In order to increase the rate of reaction and the degree of completion for displacing the third halide with a sterically hindered moiety, various techniques have been generally utilized in the art. These techniques include: elevating the reaction mixture temperature and the use of hydrogen halide acceptors, e.g., amines. Such techniques are described in U.S. Pat. Nos. 3,281,506, 4,237,075, 4,312,818, 4,440,696, and 4,894,481.

Generally in the case of diphosphites derived from sterically hinderd alcohols, the procedures of the prior art result in undesirable product mixtures. Additionally, various by-product phosphite compounds are also formed leading to low yields of the desired product. The resulting phosphite mixture containing a halo-phosphite is extremely difficult to purify and the residual halo-phosphite can lead to acid impurities that affect the long term stability of the desired organic phosphite, as wellas affecting the stability of thermoplastic compositoins where the phosphite is employed as a stabilizer.

Various processes have been described in the prior art yet each suffers from some undesirable limitation. For example, U.S. Pat. No. 4,739,090 describes a process utilizing xylene as a solvent. The final product is isolated by filtration and the filtrate can be recycled. This process is deficient in resulting in at least about five percent or more impurities that require further crystallization to remove. This patent is silent on the form of the pentaerythritol utilized in the reaction.

U.S. Pat. No. 5,103,035 describes low temperature reaction conditions in chlorinated solvents. This process is undesirable due the difficulties in safely handling chlorinated solvents and a second solvent has to be utilized in order to bring the final product out of solution.

U.S. Pat. No. 5,438,086 describes a process for making diphosphites based upon pentaerythritol and 2,4-dicumylphenol wherein the dicumyl phenol is first reacted with phosphorous trichloride followed by allowing the reaction with the pentaerythritol. This process afforded only a 66% yield and acid numbers of 2 to 6, both of which are unacceptable.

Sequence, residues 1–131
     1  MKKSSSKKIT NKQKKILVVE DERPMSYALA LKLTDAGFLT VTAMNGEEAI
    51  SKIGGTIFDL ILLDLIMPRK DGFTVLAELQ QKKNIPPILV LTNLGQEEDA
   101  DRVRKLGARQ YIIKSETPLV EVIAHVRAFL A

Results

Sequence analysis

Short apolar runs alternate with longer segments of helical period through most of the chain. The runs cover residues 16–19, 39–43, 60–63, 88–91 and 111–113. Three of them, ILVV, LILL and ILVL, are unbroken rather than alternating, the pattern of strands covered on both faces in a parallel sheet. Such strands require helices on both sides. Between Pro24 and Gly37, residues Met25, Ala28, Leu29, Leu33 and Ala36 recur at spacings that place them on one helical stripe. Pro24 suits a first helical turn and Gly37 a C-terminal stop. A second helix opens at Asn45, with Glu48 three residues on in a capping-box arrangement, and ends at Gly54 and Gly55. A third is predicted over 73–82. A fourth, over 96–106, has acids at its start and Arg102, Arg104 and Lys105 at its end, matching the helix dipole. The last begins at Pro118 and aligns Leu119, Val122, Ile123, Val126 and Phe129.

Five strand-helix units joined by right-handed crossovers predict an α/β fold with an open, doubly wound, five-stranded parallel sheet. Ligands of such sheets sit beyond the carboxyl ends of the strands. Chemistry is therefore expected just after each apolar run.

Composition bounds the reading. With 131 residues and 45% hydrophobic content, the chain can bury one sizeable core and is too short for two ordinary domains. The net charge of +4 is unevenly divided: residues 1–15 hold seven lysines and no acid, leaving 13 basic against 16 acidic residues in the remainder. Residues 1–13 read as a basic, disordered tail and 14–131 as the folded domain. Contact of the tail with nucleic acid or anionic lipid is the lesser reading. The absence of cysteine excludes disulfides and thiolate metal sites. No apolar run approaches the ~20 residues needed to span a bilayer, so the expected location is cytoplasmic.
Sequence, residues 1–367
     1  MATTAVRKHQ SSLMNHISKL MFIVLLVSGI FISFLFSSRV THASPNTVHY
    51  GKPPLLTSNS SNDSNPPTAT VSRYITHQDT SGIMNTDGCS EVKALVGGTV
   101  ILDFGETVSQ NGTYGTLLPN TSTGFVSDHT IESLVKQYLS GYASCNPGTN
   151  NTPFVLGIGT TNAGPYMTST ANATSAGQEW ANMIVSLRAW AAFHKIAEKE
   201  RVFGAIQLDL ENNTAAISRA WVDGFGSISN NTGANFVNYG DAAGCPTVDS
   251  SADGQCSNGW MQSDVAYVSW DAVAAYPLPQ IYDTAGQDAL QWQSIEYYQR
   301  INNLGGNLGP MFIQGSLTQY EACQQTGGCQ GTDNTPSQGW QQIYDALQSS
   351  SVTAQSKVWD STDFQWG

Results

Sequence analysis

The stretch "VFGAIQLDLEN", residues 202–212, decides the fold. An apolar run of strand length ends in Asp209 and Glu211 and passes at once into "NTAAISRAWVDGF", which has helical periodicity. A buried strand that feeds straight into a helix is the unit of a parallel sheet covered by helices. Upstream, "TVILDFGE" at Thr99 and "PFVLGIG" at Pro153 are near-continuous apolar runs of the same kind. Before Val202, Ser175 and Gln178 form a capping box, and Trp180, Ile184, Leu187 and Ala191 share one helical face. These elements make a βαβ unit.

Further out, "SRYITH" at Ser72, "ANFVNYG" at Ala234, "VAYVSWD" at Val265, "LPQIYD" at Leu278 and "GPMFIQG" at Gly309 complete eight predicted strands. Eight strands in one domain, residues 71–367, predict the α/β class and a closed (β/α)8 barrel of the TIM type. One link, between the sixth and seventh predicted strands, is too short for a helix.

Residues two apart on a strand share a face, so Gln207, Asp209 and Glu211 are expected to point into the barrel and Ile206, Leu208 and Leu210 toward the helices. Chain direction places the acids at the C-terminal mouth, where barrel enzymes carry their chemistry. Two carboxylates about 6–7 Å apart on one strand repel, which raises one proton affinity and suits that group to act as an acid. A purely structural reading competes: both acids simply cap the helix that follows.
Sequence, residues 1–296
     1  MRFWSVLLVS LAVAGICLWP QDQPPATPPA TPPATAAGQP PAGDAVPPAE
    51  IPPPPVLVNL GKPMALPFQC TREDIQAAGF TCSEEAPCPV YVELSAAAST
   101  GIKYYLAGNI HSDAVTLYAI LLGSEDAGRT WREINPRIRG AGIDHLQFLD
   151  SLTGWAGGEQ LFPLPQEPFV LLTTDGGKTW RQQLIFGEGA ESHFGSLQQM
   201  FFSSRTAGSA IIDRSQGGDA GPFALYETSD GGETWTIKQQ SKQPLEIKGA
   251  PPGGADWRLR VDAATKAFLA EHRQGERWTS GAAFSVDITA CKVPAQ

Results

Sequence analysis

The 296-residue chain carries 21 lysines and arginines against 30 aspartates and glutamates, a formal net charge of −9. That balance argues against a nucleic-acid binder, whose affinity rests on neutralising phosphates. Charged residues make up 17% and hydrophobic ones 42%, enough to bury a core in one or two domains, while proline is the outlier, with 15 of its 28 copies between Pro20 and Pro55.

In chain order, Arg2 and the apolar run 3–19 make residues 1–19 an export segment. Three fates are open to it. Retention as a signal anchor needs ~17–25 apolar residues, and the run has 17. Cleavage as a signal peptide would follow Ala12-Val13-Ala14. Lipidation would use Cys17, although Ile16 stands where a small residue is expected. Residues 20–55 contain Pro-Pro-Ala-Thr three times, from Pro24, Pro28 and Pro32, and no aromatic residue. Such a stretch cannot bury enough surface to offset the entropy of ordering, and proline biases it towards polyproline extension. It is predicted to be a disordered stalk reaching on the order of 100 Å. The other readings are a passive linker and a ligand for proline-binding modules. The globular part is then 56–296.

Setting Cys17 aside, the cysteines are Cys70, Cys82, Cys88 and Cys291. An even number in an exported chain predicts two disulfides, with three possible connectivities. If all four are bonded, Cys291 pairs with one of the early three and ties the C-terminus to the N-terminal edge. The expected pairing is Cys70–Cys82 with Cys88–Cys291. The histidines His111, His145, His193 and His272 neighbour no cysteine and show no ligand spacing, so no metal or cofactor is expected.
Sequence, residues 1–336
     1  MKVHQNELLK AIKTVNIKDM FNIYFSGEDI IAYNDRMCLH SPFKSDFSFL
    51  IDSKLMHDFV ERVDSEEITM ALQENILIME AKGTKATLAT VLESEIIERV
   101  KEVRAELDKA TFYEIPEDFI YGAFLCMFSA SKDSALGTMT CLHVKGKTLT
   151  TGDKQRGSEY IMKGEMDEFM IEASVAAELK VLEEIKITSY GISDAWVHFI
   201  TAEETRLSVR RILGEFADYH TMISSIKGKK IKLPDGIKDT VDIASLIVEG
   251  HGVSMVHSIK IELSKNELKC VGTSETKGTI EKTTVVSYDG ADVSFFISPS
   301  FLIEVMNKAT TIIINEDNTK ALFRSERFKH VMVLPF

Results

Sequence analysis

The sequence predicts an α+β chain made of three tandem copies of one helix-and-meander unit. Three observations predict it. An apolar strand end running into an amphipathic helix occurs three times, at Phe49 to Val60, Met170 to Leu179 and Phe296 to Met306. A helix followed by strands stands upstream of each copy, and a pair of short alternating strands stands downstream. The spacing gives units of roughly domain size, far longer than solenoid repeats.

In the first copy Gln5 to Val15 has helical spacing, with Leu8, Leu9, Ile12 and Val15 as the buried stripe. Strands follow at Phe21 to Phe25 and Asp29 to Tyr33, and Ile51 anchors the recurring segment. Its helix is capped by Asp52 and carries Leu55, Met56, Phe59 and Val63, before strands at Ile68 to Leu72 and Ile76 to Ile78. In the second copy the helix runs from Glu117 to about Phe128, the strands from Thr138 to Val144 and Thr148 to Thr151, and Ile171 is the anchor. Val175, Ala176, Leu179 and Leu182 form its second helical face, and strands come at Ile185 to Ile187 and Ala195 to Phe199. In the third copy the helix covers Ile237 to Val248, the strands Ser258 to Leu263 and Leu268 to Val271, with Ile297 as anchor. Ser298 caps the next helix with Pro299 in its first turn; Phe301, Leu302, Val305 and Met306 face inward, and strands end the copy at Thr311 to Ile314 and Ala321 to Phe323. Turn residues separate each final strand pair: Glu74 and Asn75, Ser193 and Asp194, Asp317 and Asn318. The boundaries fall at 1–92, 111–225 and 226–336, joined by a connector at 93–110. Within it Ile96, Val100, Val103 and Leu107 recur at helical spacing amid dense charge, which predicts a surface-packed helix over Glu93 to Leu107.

The process of making metal salts of hindered phenols has generally required an ammonia solution of an alkali metal to be reacted with the hindered phenol in order to yield the metal phenbolate salt (Houben-Weyl, Methoden der Organischen Chemie, Phenolen, vol. VI/1c, p. 1189 (1976)).

It is therefore apparent that a need continues to exist for improved processes for the preparation of phosphite esters prepared from sterically hindered alcohols and phenols.

SUMMARY OF THE INVENTION

The process of the present invention provides for a process for the preparation of a metal phenolate comprising reacting a phenol having the formula:

wherein each R1, R2, and R3 is independently selected from the group consisting of hydrogen, methyl, ethyl, n-propyl, iso-propyl, n-butyl, t-butyl, t-amyl, t-hexyl, cyclohexyl, cumyl, t-pentyl, and t-octyl with a metal alcoholate having the formula (R4O)xQ where R4O is derived from the corresponding alcohol R4OH, Q is a metal cation having a valence x, to produce a metal phenolate and an alcohol R4OH wherein said metal phenolate has the formula:

wherein Q,x and each R1, R2, and R3 are as previously defined and removing the alcohol R4OH from the metal phenolate. The present invention further provides for conducting the process of the invention in the presence of a solvent.

DETAILED DESCRIPTION OF THE INVENTION

The present invention comprises a process to convert phenols, abbreviated ΦOH, of the formula

wherein each R1, R2, and R3 is independently selected from the group consisting of hydrogen, methyl, ethyl, n-propyl, iso-propyl, n-butyl, t-butyl, t-amyl, t-hexyl, cyclohexyl, cumyl, t-pentyl, and t-octyl to a metal phenolate, abbreviated (ΦO)xQ, of the formula:

where each R1, R2, and R3 is selected from the group consisting of hydrogen, methyl, ethyl, n-propyl, iso-propyl, n-butyl, t-butyl, t-amyl, t-hexyl, cyclohexyl, cumyl, t-pentyl, and t-octyl, and Q is a metal cation having a valence x, i.e oxidation state. It should be noted that the choices for R1, R2, and R3 of the phenol become the choices for R1, R2, and R3 of the metal phenolate. Further when R1, R2, and R3 are selected from the group consisting of n-propyl, iso-propyl, n-butyl, t-butyl, t-amyl, t-hexyl, cyclohexyl, cumyl, t-pentyl, and t-octyl the phenol is considered a hindered phenol. The oxidation state or valence (used interchangeably herein) of the metal cation Q may vary in integer values between 1 and 4. Q may be any metal cation that is synthetically convenient, wherein the corresponding phenolate salt may correspond to the phenolate esters used for the preparation of the phosphite esters of hindered alcohols. The metal cations, Q, most suitable for the metal phenolate salt are selected from the group consisting of the alkali metals, the alkaline earth metals, the transition metals and the non-transition metals of Groups III, IV and V subject to the limitation that the halides of these metals are ionic salts. By halides the term includes the elements of Group VII of the periodic table, i.e. fluorine, chlorine, bromine, iodine and astatine. Preferred metals are the alkali metals and the alkaline earth metals; more preferred metals are the alkali metals; and the most preferred metals are sodium and potassium.